The past election was filled with words and images that propelled a relatively unknown junior senator to the Presidency. The image of candidate Obama in Berlin, with tens of thousands cheering, gave him the credibility of an international leader. The words with which he communicated his vision for America and inspired millions of people to become involved in their democracy, many for the first time, were powerful. The clarion call of "Yes We Can" motivated the apathetic, energized the faithful and gave the powerless the audacity of (and to) hope.
And while any first-year communications student can tell you that words and images matter, they would also tell you that actions matter more. Nonverbal communication is perceived to be more reliable than verbal communication. Actions really do speak louder than words.
It should come as no surprise, then, that the action of choosing Rick Warren to deliver the first words and be the first image at the inauguration of this Administration -- the Administration of Hope -- outrages and demoralizes many of us who are Gay and Lesbian. We are, to say the least, confused. There is an irresolvable disconnect -- a cognitive dissonance -- between the words President-Elect Obama uses and the words Rick Warren uses when speaking about us. How do we reconcile 'hope,' 'diversity,' 'dialogue' and 'equality' with 'pedophile,' 'unnatural,' 'sinner' and 'Christophobe'?
It is important for "America to come together" as President-Elect Obama said in defense of choosing Warren to give the invocation -- and therein lies the solution.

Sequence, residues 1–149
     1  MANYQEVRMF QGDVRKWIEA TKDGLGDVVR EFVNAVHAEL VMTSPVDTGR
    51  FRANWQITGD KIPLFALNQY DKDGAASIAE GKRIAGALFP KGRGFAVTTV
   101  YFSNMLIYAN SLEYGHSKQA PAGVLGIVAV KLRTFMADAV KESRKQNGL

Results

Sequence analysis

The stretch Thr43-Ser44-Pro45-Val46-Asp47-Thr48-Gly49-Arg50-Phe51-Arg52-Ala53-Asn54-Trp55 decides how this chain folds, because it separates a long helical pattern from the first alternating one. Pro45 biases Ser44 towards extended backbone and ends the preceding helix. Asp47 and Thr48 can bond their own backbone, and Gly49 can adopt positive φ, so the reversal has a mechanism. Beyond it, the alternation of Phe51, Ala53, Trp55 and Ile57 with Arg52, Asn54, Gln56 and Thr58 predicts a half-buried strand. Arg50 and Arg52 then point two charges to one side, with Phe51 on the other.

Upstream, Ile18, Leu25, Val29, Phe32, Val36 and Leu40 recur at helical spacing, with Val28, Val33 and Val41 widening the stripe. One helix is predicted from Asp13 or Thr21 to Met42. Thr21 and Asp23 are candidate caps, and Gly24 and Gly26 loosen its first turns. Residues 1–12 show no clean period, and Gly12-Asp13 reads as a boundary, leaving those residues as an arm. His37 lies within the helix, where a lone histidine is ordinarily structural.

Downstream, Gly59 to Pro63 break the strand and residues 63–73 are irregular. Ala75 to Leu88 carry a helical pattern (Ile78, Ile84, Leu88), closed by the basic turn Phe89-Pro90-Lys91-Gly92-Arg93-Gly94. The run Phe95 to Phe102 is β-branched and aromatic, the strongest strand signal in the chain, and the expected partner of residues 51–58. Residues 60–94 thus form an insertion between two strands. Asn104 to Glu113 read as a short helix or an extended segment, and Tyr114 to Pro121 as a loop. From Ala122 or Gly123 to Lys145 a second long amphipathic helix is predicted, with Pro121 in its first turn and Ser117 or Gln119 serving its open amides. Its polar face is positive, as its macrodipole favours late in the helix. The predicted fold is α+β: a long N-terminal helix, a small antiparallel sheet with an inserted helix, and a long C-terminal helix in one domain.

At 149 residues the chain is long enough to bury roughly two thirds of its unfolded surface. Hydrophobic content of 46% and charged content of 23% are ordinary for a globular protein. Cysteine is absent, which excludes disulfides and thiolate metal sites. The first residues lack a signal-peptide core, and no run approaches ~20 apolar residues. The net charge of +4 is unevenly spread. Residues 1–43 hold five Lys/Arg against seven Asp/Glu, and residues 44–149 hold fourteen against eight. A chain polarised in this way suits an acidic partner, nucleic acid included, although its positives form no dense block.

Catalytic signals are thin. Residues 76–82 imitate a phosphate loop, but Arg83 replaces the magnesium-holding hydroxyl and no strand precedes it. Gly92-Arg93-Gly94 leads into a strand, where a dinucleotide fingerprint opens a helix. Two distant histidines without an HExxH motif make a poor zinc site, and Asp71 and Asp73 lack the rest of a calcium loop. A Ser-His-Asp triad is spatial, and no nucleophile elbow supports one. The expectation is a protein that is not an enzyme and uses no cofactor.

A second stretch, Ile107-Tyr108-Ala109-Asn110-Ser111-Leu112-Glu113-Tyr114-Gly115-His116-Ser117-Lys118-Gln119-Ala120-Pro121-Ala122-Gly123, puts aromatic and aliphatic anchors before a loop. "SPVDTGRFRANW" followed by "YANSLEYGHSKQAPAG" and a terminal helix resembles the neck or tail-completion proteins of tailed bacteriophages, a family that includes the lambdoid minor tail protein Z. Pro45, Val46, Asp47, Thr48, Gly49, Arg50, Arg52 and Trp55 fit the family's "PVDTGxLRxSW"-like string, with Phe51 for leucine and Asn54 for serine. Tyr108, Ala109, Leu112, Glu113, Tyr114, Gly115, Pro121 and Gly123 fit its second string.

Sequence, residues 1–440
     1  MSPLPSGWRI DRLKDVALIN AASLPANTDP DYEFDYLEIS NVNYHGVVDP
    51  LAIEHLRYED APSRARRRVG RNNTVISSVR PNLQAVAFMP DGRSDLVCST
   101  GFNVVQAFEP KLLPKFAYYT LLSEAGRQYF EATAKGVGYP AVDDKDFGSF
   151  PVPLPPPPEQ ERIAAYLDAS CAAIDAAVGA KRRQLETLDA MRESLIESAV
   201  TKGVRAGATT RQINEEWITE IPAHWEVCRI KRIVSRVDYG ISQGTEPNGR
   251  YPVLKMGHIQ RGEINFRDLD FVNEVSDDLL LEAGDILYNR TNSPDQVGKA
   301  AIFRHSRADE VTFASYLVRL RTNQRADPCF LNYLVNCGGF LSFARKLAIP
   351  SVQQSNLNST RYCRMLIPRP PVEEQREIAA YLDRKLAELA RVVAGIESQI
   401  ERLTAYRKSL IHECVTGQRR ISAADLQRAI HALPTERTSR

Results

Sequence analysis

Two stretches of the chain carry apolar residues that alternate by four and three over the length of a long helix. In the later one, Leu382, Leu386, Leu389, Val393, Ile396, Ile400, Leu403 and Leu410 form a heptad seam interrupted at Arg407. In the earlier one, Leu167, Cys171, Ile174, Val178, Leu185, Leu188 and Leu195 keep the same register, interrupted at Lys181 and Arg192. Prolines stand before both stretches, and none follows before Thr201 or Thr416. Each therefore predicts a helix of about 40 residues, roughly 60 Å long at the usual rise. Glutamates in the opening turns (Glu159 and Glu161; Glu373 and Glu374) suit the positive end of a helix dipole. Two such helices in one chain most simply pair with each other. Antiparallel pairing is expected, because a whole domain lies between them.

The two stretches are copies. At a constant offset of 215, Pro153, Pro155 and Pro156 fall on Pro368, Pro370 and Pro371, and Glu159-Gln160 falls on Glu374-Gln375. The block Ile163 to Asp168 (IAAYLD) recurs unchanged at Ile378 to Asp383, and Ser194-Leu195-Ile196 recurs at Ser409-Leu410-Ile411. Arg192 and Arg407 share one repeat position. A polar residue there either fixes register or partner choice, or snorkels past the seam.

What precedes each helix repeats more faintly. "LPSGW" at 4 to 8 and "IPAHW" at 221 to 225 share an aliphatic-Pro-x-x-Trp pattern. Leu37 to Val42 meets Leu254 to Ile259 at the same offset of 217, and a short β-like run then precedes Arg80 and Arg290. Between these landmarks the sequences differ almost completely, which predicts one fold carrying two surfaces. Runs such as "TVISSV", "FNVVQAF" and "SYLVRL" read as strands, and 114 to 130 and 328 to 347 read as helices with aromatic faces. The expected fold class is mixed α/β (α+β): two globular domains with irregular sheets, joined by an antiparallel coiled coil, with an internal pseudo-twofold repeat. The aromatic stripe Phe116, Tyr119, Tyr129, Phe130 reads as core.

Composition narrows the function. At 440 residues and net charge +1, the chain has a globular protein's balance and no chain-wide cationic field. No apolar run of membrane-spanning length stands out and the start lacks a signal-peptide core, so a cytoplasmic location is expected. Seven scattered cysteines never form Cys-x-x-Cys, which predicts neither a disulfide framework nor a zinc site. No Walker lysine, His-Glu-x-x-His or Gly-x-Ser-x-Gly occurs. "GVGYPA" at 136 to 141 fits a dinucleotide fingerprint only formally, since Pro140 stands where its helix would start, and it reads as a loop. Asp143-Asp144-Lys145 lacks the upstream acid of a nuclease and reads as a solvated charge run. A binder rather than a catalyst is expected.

I propose an alternate image that respects the choice of the President-Elect and affirms the dignity of those Gay and Lesbian Americans who have stood with him.
The President-Elect should extend an additional invitation to the Reverend Troy Perry to share the invocation with Pastor Warren. Reverend Perry established the Universal Fellowship of Metropolitan Community Churches in October of 1968. The church that began forty years ago with twelve people and initially ministered to Gays and Lesbians who had been alienated by mainstream religious denominations has grown to serve over 43,000 members in 250 churches across 23 countries.
The image of both Pastor Warren and Reverend Perry delivering the invocation communicates a powerful image of respect and inclusiveness. It is the right first image for the Administration of Hope. It is the change that I, as a Gay American, can believe in. And perhaps, after the inauguration, both men can spend time together and begin the dialogue the President wants us so desperately to have.
Actions do speak louder than words.